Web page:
Vulvar Cancer happens on the vulvar region and one issue here is that most people don't really have symptoms here. But there are some women who do tend to experience a lot of itchiness and pain in the area. In rare cases, there is also a tumor like growth here followed with some pus or discharged. Other symptoms include slight bleeding, weight loss, painful urination and discharge from the area are common symptoms.
HOW IS VULVAR CANCER DIAGNOSED?
Diagnosis of the Vulvar Cancer is done by doing a tissue test along with a scan of the area.
HOW IS VULVAR CANCER TREATED?
Staging and treatment are generally handled by an oncologist familiar with gynecologic cancer. Surgery is a mainstay of therapy depending on anatomical staging and is usually reserved for cancers that have not spread beyond the vulva. Surgery may involve a wide local excision, radical partial vulvectomy, or radical complete vulvectomy with removal of vulvar tissue, inguinal and femoral lymph nodes. In cases of early vulvar cancer, the surgery may be less extensive and consist of wide excision or a simple vulvectomy. Surgery is significantly more extensive when the cancer has spread to nearby organs such as the urethra, vagina, or rectum. Complications of surgery include wound infection, sexual dysfunction, edema and thrombosis, as well as lymphedema secondary to dissected lymph nodes.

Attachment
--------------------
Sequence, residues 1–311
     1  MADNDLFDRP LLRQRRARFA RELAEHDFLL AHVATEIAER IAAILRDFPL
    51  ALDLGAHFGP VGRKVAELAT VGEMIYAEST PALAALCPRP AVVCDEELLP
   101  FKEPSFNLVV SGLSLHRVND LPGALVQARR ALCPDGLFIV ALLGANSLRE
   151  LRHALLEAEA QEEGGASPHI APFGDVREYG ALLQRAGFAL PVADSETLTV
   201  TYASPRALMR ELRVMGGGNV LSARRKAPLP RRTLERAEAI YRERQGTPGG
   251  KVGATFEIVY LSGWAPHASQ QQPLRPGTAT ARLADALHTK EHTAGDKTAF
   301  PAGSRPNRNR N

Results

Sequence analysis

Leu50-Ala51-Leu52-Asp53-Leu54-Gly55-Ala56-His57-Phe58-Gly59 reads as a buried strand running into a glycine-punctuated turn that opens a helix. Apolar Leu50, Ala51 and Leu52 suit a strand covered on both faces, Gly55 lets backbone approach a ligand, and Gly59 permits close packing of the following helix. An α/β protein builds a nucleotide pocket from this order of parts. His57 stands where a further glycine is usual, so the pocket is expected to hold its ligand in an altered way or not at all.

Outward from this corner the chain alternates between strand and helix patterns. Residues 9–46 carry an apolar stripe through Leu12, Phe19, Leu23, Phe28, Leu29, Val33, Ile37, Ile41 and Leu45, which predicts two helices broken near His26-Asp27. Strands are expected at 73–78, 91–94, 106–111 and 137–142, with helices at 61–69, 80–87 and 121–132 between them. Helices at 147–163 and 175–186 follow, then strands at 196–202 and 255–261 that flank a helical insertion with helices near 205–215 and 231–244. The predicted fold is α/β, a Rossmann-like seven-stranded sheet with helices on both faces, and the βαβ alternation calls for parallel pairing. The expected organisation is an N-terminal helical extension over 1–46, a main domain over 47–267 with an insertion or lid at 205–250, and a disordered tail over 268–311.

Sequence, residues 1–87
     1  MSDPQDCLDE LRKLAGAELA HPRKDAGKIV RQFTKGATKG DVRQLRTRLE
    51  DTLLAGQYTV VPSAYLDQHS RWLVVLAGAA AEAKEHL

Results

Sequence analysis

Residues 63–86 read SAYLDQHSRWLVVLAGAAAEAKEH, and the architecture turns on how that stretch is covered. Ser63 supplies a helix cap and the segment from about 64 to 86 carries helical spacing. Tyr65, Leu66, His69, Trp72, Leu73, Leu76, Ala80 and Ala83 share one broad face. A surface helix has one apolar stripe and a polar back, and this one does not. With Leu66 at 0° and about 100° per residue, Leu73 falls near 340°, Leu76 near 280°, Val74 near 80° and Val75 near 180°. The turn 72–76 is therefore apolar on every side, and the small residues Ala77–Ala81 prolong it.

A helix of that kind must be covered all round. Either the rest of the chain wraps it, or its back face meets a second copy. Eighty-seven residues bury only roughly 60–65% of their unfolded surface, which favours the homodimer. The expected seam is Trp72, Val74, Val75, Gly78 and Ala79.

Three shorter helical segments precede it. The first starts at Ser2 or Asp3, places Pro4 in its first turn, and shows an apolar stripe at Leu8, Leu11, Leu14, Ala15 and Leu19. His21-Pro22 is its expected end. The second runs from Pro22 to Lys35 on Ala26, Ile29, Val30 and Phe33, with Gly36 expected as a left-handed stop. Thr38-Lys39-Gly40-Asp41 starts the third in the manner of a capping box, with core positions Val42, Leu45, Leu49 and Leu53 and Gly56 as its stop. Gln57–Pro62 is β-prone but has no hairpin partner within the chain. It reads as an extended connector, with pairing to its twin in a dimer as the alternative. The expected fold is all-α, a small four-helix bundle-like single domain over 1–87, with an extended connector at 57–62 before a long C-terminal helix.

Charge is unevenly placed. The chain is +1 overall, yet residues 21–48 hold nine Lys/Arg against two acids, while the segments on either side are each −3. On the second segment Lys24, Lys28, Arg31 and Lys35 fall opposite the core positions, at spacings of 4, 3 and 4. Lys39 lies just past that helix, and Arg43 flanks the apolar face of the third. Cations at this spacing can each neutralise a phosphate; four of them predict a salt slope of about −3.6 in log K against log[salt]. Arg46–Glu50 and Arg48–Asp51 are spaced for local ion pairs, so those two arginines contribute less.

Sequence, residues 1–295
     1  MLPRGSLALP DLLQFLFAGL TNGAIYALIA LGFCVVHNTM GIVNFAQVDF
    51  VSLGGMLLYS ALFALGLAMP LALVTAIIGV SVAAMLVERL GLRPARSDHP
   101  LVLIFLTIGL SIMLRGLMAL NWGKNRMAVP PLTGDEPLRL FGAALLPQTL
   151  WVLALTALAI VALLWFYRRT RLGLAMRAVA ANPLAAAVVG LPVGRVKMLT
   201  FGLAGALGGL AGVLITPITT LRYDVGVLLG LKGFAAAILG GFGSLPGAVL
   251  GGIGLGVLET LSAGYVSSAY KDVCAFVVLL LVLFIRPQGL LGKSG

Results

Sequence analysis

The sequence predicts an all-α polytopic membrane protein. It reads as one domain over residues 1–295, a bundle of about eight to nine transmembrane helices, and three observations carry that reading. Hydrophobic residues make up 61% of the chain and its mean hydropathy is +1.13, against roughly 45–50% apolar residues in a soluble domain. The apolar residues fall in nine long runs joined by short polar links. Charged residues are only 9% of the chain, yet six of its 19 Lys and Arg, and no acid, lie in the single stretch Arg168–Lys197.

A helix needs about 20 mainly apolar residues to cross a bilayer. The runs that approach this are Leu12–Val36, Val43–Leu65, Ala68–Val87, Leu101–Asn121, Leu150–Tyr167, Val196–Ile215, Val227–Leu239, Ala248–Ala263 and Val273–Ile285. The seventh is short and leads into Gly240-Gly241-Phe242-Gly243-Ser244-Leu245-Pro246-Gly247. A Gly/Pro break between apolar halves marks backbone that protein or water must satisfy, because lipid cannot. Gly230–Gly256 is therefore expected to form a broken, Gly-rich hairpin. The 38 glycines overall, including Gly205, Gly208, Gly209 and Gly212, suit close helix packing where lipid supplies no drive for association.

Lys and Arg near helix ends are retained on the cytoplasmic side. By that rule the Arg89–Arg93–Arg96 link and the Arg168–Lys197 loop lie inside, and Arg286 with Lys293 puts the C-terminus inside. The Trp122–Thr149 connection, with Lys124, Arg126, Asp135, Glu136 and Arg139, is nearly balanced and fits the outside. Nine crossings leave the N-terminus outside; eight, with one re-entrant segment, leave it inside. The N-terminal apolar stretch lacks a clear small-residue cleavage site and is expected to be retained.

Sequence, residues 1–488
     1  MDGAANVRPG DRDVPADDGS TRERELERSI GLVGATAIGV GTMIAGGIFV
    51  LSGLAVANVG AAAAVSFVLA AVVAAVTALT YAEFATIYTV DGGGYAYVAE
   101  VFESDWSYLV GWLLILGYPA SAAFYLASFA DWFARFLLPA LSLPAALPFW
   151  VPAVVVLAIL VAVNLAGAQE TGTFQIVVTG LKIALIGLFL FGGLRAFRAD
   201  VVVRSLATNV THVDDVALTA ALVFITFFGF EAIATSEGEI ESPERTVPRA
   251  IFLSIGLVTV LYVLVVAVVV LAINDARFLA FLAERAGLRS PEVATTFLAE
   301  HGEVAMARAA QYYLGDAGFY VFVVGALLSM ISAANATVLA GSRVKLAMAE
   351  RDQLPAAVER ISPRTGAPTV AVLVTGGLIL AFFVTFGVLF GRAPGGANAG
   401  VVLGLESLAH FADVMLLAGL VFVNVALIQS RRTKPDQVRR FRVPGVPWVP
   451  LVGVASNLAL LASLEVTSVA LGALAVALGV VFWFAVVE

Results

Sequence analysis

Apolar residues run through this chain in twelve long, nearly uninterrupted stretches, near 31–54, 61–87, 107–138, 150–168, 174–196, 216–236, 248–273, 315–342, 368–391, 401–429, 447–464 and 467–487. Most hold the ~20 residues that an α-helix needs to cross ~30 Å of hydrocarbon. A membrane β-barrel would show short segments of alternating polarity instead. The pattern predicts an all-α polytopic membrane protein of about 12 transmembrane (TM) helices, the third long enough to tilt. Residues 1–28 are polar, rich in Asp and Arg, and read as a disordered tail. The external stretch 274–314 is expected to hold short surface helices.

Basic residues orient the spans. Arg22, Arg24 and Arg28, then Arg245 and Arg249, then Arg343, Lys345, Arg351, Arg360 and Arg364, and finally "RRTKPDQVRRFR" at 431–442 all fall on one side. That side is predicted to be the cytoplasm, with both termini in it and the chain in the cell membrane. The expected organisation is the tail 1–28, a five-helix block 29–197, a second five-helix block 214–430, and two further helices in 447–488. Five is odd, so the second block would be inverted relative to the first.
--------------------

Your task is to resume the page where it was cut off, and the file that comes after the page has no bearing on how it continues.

DID YOU KNOW?
Overall, five-year survival rates for vulvar cancer are around 78% but may be affected by individual factors including cancer stage, cancer type, patient age and general medical health. Five-year survival is greater than 90% for patients with stage I lesions but decreases to 20% when pelvic lymph nodes are involved.